The characteristic feature of graphite and graphene is, however, their low or zero density of electronic states at the Fermi level, with linear dependence on the energy. It has been argued that a flat band system will enable superconductivity with strongly enhanced TC values (12). While U remains difficult to assess, a flat band will lead to maximal values of n(EF). Moreover, in this case of UW, the BCS theory predicts TCUn(EF); i.e., the exponential suppression of TC with the interaction strength is removed (12). In this context, rhombohedral (i.e., ABC) stacking of multilayered graphene has been considered in theory (12, 13). Consequently, there is much interest to realize the rhombohedral stacking in experiment, and recently, angle-resolved photoemission spectroscopy (ARPES) has shown a flat band for five-layer graphene on 3C-SiC, which resembles the calculated very flat dispersions (14). In the photoemission data, the flat band is found to extend near Embedded Image by about 0.8 Å−1 (14). In this range, the band disperses by only ~ 20 meV. Over the past years, theory has consistently predicted flat band superconductivity accessible by doping or gating and with enhanced critical temperature. These theoretical approaches were inspired by cases such as the ABC-stacked graphite or the van Hove singularity at the Embedded Image point of monolayer graphene (MLG) and would substantially gain relevance if an extremely flat band were found (1517). Most recently, superconductivity has been observed in twisted BLG (10, 18) as the first purely carbon-based 2D superconductor. For “magic angles” between the two graphene layers, the moiré pattern leads to flat band formation (19), and the observed superconductivity is directly assigned to the flat band effect.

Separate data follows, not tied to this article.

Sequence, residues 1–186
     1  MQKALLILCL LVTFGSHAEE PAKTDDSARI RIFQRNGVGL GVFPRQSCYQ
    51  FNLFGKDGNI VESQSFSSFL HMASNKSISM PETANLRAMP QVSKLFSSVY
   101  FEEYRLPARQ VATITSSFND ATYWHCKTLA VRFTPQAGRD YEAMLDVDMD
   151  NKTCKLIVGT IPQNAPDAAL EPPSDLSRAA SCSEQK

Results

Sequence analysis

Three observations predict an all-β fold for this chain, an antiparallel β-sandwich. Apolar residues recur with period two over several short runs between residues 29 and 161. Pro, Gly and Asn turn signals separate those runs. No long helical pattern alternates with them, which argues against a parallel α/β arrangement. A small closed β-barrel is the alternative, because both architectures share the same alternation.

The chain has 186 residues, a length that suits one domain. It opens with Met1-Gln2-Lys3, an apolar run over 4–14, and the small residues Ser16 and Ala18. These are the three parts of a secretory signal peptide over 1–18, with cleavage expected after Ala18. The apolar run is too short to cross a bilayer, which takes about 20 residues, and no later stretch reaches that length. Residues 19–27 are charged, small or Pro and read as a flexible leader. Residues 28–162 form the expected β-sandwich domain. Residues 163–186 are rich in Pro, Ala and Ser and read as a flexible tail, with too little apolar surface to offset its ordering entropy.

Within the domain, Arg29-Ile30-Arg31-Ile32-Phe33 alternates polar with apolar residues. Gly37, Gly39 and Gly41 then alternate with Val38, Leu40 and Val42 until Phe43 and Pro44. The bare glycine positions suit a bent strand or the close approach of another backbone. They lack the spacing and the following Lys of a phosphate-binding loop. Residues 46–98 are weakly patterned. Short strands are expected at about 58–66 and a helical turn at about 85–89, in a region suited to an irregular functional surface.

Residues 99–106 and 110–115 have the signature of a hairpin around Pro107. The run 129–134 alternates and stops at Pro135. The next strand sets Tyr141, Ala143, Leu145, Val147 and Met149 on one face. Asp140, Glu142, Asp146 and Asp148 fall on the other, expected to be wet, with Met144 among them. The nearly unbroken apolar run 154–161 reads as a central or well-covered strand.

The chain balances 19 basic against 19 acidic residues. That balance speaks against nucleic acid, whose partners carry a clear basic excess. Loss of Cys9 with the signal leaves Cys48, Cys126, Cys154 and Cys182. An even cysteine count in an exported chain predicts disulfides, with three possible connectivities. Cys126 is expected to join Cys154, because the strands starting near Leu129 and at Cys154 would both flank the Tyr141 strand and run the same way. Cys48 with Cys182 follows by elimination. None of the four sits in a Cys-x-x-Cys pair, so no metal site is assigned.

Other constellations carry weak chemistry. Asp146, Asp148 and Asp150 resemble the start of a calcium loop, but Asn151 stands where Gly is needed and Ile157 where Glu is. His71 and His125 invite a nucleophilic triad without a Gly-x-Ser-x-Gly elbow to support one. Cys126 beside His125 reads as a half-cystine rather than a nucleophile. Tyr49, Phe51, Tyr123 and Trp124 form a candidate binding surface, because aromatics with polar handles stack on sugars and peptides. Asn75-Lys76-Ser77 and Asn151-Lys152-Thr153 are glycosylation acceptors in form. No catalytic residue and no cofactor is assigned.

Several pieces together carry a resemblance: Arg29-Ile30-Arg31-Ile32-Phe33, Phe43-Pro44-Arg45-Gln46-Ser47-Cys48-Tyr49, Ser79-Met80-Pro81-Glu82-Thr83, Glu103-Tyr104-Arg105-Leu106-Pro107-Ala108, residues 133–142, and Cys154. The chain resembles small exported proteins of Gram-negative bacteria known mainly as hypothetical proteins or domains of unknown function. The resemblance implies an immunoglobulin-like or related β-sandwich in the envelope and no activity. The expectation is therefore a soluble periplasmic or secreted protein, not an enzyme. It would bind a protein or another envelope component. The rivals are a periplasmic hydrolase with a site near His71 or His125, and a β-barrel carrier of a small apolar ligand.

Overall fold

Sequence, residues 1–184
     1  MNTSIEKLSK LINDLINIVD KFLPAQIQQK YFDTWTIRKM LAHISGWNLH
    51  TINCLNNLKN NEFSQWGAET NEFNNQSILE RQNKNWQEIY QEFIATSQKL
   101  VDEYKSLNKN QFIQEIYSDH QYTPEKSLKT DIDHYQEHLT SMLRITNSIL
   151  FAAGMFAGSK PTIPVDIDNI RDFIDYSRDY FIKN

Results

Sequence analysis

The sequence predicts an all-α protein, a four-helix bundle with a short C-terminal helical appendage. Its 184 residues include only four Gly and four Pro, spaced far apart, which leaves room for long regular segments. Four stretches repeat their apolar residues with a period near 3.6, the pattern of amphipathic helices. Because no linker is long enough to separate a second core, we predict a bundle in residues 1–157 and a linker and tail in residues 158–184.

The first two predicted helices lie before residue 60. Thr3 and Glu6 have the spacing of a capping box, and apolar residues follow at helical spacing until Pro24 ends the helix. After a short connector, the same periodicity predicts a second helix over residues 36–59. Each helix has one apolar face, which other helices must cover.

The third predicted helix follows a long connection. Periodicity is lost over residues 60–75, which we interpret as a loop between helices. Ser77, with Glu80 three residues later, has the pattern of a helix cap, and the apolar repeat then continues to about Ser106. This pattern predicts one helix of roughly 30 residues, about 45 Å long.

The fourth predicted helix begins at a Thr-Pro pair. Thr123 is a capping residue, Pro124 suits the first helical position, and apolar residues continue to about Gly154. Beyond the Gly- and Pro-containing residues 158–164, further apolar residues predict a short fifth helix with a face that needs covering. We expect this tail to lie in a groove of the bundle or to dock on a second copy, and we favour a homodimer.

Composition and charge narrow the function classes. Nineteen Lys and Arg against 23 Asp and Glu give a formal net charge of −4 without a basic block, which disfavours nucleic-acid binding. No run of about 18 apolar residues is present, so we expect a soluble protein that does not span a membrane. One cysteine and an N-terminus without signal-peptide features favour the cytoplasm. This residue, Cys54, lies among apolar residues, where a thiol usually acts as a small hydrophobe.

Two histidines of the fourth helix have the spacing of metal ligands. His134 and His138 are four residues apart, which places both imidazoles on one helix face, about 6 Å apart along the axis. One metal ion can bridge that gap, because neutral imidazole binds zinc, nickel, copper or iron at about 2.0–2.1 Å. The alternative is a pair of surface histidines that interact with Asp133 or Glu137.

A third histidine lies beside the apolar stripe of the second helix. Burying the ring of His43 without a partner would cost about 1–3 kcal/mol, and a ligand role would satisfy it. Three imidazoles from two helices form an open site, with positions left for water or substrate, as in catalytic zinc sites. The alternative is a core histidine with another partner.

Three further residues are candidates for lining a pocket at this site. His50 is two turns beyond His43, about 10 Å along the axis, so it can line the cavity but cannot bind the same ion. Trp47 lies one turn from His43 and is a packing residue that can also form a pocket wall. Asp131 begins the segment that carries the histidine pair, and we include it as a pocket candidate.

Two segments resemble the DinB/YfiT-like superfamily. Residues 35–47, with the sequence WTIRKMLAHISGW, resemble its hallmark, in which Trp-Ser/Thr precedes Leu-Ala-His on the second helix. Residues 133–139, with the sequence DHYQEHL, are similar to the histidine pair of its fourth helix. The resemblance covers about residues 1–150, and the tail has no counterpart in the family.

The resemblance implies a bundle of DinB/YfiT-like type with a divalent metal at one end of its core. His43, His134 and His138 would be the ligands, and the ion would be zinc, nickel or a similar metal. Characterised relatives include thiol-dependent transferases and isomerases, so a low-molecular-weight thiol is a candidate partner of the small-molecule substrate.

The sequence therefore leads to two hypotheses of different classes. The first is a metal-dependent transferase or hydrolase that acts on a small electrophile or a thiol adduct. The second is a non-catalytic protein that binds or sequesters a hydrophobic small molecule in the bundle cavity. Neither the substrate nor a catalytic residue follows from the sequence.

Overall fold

In the present study, we investigate another way of band flattening and DOS enhancement for the system with low DOS: BLG on SiC, which does not require any twist. We use high-resolution ARPES measurements to reveal the Mexican hat band structure of BLG on SiC in detail. We show that there is a band portion that is much flatter, narrower, and of higher photoemission intensity than expected, showing experimentally no dispersion around the graphene Embedded Image point (for ~ ±0.017 Å−1). This means that a very high DOS is compressed here at a narrow energy interval. This strong peak in the graphene DOS is, first of all, promising for the application of this system in high on/off ratio graphene-based transistors (2). Because this extremely flattened band forms a strong 2D-extended van Hove singularity and we find indications of enhanced electron-phonon coupling, it could be used to achieve high-temperature superconductivity in BLG.

On the basis of our theoretical analysis, we propose a novel mechanism of band flattening in BLG by biasing of only one sublattice relative to other sublattices, which is possible for both doped and undoped BLG. We show that the band flattening effect is universal and achievable by different means of combining interlayer asymmetry, sublattice asymmetry, and doping. The mechanism allows control of the band dispersion all the way from parabolic through flat band formation to Mexican hat–like.

RESULTS

Experiment